Baseball And Stats Today…

A recent column by Joel Sherman in the NY Post contained some interesting baseball stats.

  • In April 2018, MLB had its first month ever where there were more strikeouts in all the games (7,335) than there were base hits in all the games (6,992).
  • The collective MLB batting average for April 2018 was .244 and Sherman points out that this is the lowest since 1972 – the year before the American League introduced the designated hitter.
  • For April 2018, walks per game and hit batters per game are also at historically high levels.

From this data, Sherman summarizes:

“April concluded with 35.6 percent of plays ending in a strikeout, walk, homer or hit by pitch — hence, not in the field of play creating consistent action.”

Now, one could look at that data and that conclusion and say that the lack of “consistent action” is the reason that baseball is a game that attracts a significantly older clientele.  I have a problem with that logic on two fronts:

  1. If “consistent action” was the sine qua non for widespread fandom among millennials, then the NHL should be leading the pack in terms of sports interest in the US – – and it is not.
  2. Baseball is a game of action – – and it is a game of strategy and tactics.  The four “outcomes” noted by Joel Sherman above – strikeout, walk, homer or hit by pitch – all create new strategic and tactical challenges for both the offense and the defense.  Excitement comes to baseball games in many different flavors; when the ball is hit into the field of play, that creates excitement; those other outcomes from an at-bat can also produce baseball excitement.

This was an interesting column from Joel Sherman who is a well known and highly respected writer on baseball.  Here is a link to this column.  I suggest you may want to read it in its entirety.

The winter of 2017/2018 was a disappointing one for many MLB free agents; that state of affairs was widely reported as Spring Training began with lots of hopeful free agents left hanging out to dry.  Some folks even used the “C-Word” in hushed tones; you know … collusion.

I would like to point out here how three different teams are currently suffering under stifling guaranteed contracts that they doled out to free agents who were deep enough into their careers at the time of the signing to assure that there would be bleak times ahead for the teams and the players:

  1. Chicago Cubs:   They signed Jason Heyward in 2016 to an 8-year contract worth $184M.  He will make $21.5M this year and then another $106M in the years up to the end of the 2023 season.  Heyward has been a .261/.344/.412 hitter over his 8+ years in MLB and that is hardly an eye-popping stat line.  In his first two years in Chicago, he did not even live up to that career standard.  I guess Cubs’ fans can take solace that he is still a really good defensive outfielder and they can hope that aspect of his game continues to obtain through 2023.
  2. Detroit Tigers:  They signed Miguel Cabrera in 2016 as the Cubs did with Jason Heyward.  Cabrera’s deal is also for 8 years through 2023 and it was for a whopping $248M with options in 2024 and 2025.  Cabrera will make $30M this year; he will make $31M from 2019 through 2021; then, he will make $32M in 2022 and 2023.  And if the Tigers want to drop him in 2024, it will cost them an additional $8M to do that.  Last year, Cabrera hit .249 which was his worst year at the plate in his 15-year MLB career.  He is 35 years old now and will be closing in on 41 years old when the Tigers buy out the 2024 season for $8M.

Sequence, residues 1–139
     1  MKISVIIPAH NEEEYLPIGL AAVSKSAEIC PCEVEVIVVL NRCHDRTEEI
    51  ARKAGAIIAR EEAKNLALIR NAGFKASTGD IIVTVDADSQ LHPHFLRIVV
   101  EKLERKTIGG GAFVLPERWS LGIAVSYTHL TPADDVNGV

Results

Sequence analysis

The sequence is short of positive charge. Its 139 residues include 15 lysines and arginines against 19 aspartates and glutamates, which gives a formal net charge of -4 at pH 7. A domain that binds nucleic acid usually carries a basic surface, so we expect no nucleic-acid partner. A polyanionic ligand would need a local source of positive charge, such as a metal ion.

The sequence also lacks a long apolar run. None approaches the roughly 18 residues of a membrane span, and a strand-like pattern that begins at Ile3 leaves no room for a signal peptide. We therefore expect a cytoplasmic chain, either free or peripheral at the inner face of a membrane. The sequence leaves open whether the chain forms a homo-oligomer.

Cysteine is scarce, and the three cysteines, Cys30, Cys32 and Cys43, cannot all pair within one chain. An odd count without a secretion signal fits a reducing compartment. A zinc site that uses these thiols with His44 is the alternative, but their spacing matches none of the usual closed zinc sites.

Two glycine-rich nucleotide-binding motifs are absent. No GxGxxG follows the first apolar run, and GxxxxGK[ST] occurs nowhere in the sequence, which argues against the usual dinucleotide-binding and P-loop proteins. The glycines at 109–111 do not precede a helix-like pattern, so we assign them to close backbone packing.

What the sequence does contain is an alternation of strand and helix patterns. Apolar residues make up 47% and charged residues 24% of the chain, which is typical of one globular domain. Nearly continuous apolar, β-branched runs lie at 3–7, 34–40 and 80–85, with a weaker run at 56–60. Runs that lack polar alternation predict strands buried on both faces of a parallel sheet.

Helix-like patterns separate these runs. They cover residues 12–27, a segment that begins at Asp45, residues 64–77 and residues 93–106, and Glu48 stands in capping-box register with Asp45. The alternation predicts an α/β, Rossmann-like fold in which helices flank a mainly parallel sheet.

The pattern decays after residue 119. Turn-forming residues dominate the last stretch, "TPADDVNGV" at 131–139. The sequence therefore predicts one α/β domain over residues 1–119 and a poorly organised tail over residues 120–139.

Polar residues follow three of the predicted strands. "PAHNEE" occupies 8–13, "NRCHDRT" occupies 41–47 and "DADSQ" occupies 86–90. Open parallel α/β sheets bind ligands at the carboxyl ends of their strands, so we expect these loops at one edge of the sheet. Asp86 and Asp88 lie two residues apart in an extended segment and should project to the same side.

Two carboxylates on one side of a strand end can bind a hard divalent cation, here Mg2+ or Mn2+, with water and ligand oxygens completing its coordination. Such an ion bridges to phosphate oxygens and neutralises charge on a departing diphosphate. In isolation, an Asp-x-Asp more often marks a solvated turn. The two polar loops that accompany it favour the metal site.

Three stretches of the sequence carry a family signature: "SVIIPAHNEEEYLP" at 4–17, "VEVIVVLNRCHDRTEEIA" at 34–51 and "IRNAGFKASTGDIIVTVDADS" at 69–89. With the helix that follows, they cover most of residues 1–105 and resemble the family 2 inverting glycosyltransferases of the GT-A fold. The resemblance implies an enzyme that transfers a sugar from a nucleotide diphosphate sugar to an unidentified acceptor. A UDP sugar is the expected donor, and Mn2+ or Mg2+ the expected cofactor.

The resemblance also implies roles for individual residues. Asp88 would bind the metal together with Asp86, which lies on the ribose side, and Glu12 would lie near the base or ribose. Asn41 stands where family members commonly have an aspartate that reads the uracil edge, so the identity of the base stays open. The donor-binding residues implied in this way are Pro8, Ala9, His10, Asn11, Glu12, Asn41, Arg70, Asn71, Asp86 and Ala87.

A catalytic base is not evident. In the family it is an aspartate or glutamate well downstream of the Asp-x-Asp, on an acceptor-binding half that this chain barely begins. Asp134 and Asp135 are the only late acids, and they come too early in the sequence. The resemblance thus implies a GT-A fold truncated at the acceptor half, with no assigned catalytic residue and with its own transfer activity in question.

3. LA Angels:  They signed Albert Pujols in 2012 to a 10-year contract worth $240M.  Pujols makes $27M this year and will make $28M next year, $29 M the year after that and $30M in the 2020 season.  In addition, he will collect a $3M bonus sometime this year when he collects his 3000th MLB hit.  It will take a catastrophic event to prevent him from reaching that milestone this year since he had 2996 hits as of May 1st.  In 2 of the last 3 full seasons, Pujols has hit less than .250; in half of his 6 full seasons with the Angels, he has hit fewer than 30 home runs for the year.

Every dime of those three contracts – and every other MLB contract signed – is fully guaranteed and in these three cases it is fair to say that the players have not been living up to the lofty expectations the clubs had for them as the ink was drying on the contract.  That is not a reason to eschew signing free agents; it is a reason for the clubs to think twice about how long a deal – and how much guaranteed money – they will offer to a player who is near the age of 30 at the time of the free agency

Finally, here are some random observations from Scott Ostler of the SF Chronicle:

“Scientists studying the Great Pacific Garbage Patch, which is four times the size of California, were surprised to find it contains three Trump hotels.

“The Great Pacific Garbage Patch is larger than France, but the Patch’s wine region can’t carry France’s wine region’s Jacques.”

But don’t get me wrong, I love sports………



2 thoughts on “Baseball And Stats Today…”

  1. When I was a kid, one of my uncles told me to, “never expect anything huge to happen in a baseball game. It is a game you follow. Today’s game is not an event. Or tomorrow’s game. If you want an event, go watch football.” I think he even liked the Infield Fly Rule.

    1. Doug:

      Your uncle was right 99% of the time. However …

      I went to a baseball game once as a kid and saw a triple play; that was sufficiently rare – even to a kid of 11 or 12 years of age – that I thought that was “huge”.

      Also, I saw Roberto Clemente catch a ball off the right field wall and throw out a runner at home who started the play at second base. [The runner was out by three steps.] I remember that play to this day and it happened sometime in the late 1960s.

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